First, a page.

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SCIENCE CHINA Physics, Mechanics & Astronomy, Volume 63 , Issue 2 : 224611(2020) https://doi.org/10.1007/s11433-019-9601-6

Tailoring edge and interface states in topological metastructures exhibiting the acoustic valley Hall effect

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  • ReceivedJun 12, 2019
  • AcceptedJul 29, 2019
  • PublishedSep 19, 2019
PACS numbers

Abstract

In this study, we investigate the acoustic topological insulator or topological metastructure, where an acoustic wave can exist only in an edge or interface state instead of propagating in bulk. Breaking the structural symmetry enables the opening of the Dirac cone in the band structure and the generation of a new band gap, wherein a topological edge or interface state emerges. Further, we systematically analyze two types of topological states that stem from the acoustic valley Hall effect mechanism; one type is confined to the boundary, whereas the other type can be observed at the interface between two topologically different structures. Results denote that the selection of different boundaries along with appropriately designed interfaces provides the acoustic waves in the band gap range with abilities of one-way propagation, dual-channel propagation, immunity from back-scattering at sharp corners, and/or transition between propagation at interfaces and boundaries. Furthermore, we show that the acoustic wave propagation paths can be tailored in diverse and arbitrary ways by combing the two aforementioned types of topological states.


Funded by

the National Natural Science Foundation of China(Grant,Nos.,11532001,11621062,11872329)

the Fundamental Research Funds for the Central Universities(Grant,No.,2016XZZX001-05)

and the Shenzhen Scientific and Technological Fund for R & D(Gran,No.,JCYJ20170816172316775)


Acknowledgment

This work was supported by the National Natural Science Foundation of China (Grant Nos. 11532001, 11621062, and 11872329), the Fundamental Research Funds for the Central Universities (Grant No. 2016XZZX001-05), and the Shenzhen Scientific and Technological Fund for R & D (Grant No. JCYJ20170816172316775).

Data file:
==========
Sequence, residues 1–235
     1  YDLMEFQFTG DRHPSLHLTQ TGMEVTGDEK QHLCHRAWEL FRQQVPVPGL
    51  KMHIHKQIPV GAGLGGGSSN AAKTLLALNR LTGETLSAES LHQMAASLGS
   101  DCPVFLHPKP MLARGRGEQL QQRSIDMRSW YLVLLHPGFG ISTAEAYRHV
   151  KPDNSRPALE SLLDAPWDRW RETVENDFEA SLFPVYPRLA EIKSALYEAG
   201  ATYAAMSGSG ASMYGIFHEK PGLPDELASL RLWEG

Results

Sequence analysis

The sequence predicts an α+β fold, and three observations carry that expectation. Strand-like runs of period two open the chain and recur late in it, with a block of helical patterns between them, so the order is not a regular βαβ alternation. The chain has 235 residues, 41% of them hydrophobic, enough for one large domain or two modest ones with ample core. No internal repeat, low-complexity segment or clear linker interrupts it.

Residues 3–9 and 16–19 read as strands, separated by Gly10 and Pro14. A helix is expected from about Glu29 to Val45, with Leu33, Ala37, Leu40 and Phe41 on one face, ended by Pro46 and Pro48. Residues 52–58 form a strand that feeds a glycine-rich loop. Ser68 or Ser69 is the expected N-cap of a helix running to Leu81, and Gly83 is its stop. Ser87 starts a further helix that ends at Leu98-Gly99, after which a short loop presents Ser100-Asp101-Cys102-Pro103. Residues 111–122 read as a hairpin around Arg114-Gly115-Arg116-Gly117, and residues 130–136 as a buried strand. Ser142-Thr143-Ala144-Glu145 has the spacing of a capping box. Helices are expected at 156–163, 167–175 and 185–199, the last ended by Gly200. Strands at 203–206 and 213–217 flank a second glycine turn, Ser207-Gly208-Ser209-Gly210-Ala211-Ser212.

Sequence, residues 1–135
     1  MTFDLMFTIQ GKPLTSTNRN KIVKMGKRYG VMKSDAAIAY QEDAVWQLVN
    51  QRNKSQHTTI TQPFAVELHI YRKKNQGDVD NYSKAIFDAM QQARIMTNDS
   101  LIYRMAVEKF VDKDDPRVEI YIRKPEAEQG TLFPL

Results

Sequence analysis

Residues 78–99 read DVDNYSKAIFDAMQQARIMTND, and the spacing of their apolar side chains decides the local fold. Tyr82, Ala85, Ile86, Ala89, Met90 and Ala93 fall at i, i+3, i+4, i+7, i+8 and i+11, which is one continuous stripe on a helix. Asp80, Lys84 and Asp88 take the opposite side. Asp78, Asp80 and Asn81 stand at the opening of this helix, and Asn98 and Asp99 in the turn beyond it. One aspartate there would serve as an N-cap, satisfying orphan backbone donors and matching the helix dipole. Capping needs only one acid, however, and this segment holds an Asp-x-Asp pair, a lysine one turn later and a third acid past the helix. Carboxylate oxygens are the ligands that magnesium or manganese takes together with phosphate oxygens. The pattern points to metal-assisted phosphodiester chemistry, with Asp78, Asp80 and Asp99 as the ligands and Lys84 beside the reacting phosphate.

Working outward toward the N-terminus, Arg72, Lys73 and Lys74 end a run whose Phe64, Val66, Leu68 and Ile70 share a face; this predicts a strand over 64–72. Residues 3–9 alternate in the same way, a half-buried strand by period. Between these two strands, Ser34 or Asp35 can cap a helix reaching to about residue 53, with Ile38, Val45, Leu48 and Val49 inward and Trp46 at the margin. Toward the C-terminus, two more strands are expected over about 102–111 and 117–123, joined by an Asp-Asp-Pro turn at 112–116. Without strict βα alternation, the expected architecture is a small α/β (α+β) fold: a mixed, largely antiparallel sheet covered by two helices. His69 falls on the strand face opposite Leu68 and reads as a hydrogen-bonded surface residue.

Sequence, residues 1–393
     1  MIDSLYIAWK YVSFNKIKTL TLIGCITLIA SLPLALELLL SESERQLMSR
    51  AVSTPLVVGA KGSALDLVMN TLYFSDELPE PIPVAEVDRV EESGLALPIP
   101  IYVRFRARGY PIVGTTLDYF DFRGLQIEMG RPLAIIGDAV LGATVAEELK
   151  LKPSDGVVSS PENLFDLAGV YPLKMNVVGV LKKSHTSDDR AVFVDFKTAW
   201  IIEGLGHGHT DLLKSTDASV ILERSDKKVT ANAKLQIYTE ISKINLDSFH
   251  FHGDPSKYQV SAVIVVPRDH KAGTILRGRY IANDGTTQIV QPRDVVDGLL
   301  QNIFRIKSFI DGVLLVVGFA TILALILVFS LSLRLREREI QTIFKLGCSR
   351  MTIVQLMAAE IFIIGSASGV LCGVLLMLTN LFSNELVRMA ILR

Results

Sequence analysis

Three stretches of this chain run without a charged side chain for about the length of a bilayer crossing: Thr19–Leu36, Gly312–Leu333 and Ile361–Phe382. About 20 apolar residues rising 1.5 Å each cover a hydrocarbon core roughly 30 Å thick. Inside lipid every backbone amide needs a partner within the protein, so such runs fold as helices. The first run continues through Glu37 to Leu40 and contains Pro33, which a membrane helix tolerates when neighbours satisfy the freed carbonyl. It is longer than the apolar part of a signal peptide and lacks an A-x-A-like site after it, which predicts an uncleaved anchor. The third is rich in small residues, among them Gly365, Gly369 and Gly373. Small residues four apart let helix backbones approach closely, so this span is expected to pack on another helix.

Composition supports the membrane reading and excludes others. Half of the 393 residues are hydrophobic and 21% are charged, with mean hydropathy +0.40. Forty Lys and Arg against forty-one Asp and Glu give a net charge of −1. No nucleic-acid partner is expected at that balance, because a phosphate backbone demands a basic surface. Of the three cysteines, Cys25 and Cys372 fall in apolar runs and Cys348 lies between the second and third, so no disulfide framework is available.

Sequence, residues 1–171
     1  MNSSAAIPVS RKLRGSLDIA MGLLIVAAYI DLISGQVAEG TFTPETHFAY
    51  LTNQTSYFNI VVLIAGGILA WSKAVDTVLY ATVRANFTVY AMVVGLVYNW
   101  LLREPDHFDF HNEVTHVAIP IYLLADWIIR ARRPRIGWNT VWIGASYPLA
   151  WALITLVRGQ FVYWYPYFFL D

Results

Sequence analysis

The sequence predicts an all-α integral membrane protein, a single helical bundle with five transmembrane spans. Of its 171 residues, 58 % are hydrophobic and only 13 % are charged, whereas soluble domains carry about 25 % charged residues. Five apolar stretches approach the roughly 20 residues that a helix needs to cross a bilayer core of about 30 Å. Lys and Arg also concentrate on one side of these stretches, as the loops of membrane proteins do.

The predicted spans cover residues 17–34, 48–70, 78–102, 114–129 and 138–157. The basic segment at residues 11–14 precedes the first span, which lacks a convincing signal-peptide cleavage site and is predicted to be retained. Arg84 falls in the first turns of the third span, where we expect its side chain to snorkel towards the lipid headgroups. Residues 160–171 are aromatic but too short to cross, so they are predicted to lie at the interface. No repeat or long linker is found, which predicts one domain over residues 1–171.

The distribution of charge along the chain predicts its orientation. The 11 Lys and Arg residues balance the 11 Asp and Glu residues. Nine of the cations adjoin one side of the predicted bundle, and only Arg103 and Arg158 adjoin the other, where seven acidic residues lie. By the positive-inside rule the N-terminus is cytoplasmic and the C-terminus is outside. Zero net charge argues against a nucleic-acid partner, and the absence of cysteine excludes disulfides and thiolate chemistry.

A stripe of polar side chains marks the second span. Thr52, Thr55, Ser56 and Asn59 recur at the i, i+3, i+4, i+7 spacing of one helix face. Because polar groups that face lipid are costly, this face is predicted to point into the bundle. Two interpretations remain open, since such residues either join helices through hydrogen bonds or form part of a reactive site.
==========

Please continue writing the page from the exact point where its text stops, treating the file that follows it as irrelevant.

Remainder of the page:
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  • Figure 1

    (a) Schematics of a hexagonal sonic crystal. Bottom panel: the parameters of the sonic crystal. (b) Schematics of a unit cell modelled in COMSOL Multiphysics. Bottom panel: the corresponding first Brillouin zone.

  • Figure 2

    The band structures of the sonic crystal with r=0 (a) and r=0.1/−0.1 (b), respectively.

  • Figure 3

    (Color online) (a) The dispersion curves of the structures with r=0.1 and r=−0.1. (b) The valley states at K1 and K2 when r=0.1. (c) The valley states at K1 and K2 when r=−0.1. The arrows in (b) or (c) indicate the direction of the energy flow.

  • Figure 4

    (Color online) (a) The initial shape of the supercell and magnification of the top edge. (b) The corresponding dispersion relation and edge modes at points Q1 and Q2 (1.43 kHz).

  • Figure 5

    (a) The division of the edge; (b) the typical edge or boundary types in different regions.

  • Figure 6

    (a)-(h) Dispersion curves corresponding to different edges shown in Figure5(b): Type 1-Type 8.

  • Figure 7

    The divisions of Region I (a) and Region III (b) in detail.

  • Figure 8

    (Color online) The dispersion relations of the supercell with different types of edges and the corresponding pressure profiles of the edge modes at the frequency 1.43 kHz. (a) Top edge is Type 2 and bottom edge is Type 4; (b) top edge is Type 8 and bottom edge is Type 4; (c) top edge is Type 2 and bottom edge is Type 3; (d) top edge is Type 8 and bottom edge is Type 3.

  • Figure 9

    (Color online) Simulations of acoustic wave propagation. The red star is a point harmonic source with the frequency 1.43 kHz. (a), (b) Top boundary: Type 8, bottom boundary: Type 4; (c) top boundary: Type 2, bottom boundary: Type 3; (d) top boundary: Type 8, bottom boundary: Type 3.

  • Figure 10

    (Color online) Simulations of acoustic wave propagation in a triangular structure (r=0.1) with different boundaries as indicated in (a)-(d).

  • Figure 11

    (Color online) The combination of structures with r=0.1 and r=−0.1 with different edges (a), (c), (e) and (g), and the corresponding dispersion spectra and the acoustic pressure profiles of the edge modes at the frequency 1.43 kHz (b), (d), (f) and (h).

  • Figure 12

    (Color online) (a)-(h) Simulation of acoustic wave propagation along several designed paths at the frequency 1.43 kHz.

  • Table 1   Existence of edge state in the supercell with =0.1

    Top edge (exist or not)

    Bottom edge (exist or not)

    Type 2/Type 3 (×)

    Type 3 (√)

    Type 4/Type 8 (√)

    Type 4 (×)

  • Table 2   Existence of edge state in the supercell with =−0.1

    Top edge (exist or not)

    Bottom edge (exist or not)

    Type 3 (√)

    Type 2/Type 3 (×)

    Type 4 (×)

    Type 4/Type 8 (√)

  • Table 3   Existence of the edge and interface states in the composite supercell with different edges as shown in Figure

    Figure

    Top edge(exist or not)

    Bottom edge(exist or not)

    Interface state (exist or not)

    11(a)

    Type 2 (×)

    Type 2 (×)

    Any type (√)

    11(c)

    Type 8 (√)

    Type 2 (×)

    Any type (√)

    11(e)

    Type 2 (×)

    Type 8 (√)

    Any type (√)

    11(g)

    Type 8 (√)

    Type 8 (√)

    Any type (√)

  • Table 4   The types of the top boundary in Figure (c)-(e) and the existence of the edge state

    Figure

    Left part of top boundary (exist or not)

    Right part of top boundary (exist or not)

    12(c)

    Type 4 (×)

    Type 4 (√)

    12(d)

    Type 3 (√)

    Type 3 (×)

    12(e)

    Type 3 (√)

    Type 4 (√)

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